Thursday, July 11, 2019

A Chat with Meg Miller, a Detective After my Own Heart

Meg Miller is a character created by Phyllis H. Moore

Hello and welcome to a new interview with a cozy detective. Today we're talking to Meg Miller, a lovely lady who I proudly call my friend. Tell us, Meg, what was the first investigation you ever did? What was the last? Do you expect to do more investigations in the future?

Bertha, I know you must know this feeling. I found a dead body, and she was naked. Eventually, I would learn it was someone I knew. Wouldn’t you know, I was the only one in the house, and of course I was a suspect.

For ten years I was the organizer for the Victorian homes tour during the Dickens Festival. That year, I resigned for new blood to take over. I even gave my hooped petticoat away, thinking I wouldn’t need it. However when the new organizer, a young socialite, fell ill (little did I know that was facelift) at the last minute, I had to step in. That was the reason I found myself in Darrow House just hours before the tour and happened on a nude body in the upstairs bedroom.

Needless to say, we couldn’t carry on with the tour. There was crime scene tape everywhere. It was a fiasco. Part of me wanted to solve the crime because I wanted to clear my name. However, there was a bigger crime than the murder, and I knew it had something to do with that mega-church run by some shady guys I’d gone to high school with. They objectified women, lived in lavish homes, and drove the most expensive cars. When I knew the murder and those characters could be linked, I couldn’t back away from finding out what the heck was going on. It’s all written up in A Dickens of a Crime.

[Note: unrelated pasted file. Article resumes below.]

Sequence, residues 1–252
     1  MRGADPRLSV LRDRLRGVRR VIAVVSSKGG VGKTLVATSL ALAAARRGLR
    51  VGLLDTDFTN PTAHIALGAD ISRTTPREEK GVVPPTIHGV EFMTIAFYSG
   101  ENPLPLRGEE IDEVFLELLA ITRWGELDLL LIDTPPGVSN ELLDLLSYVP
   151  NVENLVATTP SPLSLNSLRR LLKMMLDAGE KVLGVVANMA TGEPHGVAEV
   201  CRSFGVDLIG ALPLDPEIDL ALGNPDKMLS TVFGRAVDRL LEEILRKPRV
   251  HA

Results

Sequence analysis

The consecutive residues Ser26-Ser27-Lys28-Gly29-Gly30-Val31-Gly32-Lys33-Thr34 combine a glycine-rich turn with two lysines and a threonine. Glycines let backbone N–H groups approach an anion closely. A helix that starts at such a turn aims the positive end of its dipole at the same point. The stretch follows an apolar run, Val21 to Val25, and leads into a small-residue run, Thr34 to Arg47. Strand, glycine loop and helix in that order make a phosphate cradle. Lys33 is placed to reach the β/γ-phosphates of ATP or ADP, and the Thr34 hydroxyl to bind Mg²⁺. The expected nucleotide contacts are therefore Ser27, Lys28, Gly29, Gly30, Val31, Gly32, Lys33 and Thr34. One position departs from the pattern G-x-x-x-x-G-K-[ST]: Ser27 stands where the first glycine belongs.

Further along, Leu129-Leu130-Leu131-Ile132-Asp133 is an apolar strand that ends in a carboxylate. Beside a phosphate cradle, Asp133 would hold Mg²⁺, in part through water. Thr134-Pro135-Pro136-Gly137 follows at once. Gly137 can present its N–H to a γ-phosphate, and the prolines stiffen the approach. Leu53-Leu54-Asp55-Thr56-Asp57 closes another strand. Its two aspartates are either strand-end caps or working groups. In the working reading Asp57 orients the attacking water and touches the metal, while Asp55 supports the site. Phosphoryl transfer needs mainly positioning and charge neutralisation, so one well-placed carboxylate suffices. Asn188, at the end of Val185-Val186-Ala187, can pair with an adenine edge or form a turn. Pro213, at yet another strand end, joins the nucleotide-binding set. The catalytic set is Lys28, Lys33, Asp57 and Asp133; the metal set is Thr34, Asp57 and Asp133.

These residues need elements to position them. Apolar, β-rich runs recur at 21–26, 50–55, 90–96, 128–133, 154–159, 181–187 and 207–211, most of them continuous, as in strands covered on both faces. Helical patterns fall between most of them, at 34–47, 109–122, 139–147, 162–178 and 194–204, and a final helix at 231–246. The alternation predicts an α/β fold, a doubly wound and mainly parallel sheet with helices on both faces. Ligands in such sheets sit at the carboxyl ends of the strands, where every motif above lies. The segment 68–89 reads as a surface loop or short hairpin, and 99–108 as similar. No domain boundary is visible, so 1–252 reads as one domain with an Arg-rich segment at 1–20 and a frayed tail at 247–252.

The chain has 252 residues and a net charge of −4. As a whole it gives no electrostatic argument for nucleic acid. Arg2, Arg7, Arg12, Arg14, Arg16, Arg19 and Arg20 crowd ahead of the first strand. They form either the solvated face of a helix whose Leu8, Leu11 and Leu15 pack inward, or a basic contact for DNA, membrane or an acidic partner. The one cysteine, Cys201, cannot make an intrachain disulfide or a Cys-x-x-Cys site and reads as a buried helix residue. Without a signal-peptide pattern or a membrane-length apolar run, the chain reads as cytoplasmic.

The last murder investigation I was involved with was when Tom Richards and I swapped houses for the summer. He rented a cottage on the beach on Galveston Island, Texas. My friend Jean got to spend some time with me there. I called the beach in front of my cottage Pelican Beach. That’s why the situation became Pelican Beach Murder. Jean saw the woman that piqued my interest, a hippie squatting in an abandoned house across the road. I was out of my element. Everyone in that little beach town, Jamaica Beach, knew everything about the Charles family. However, I didn’t know what I didn’t know.

I’ll tell you right now, Bertha, as God is my witness, I’ve never been that scared in all my life. I was in the wrong place at the wrong time and every time I opened my mouth, the guy waved the gun and told me to shut up. I was lucky to get out of there alive. So, I don’t plan to intentionally solve a crime ever again.

However, I do have some mysteries in my own family I need to figure out. My mother died when I was young, and she left me knowing nothing about her family. I blame myself for not ever asking about them, but it wasn’t until I had my own grandchild that I realized the importance of that information. So wouldn’t you know that when an uncle died and left me an inheritance, I was floored. It opened a whole new mystery for me to sink my teeth into. That’ll be Mystery on Inheritance Ranch. I think it’ll all be solved by the fall. But, I tell you what, Bertha, nothing is as scary as looking into the faces of those who came before you and facing their flaws. I will keep solving mysteries when they present themselves, but I’m not seeking them.

From my experience, mysteries end up seeking us. I love the fact that you don't overlook the human element. To me, that's the most important thing. What’s your major strength while investigating a murder?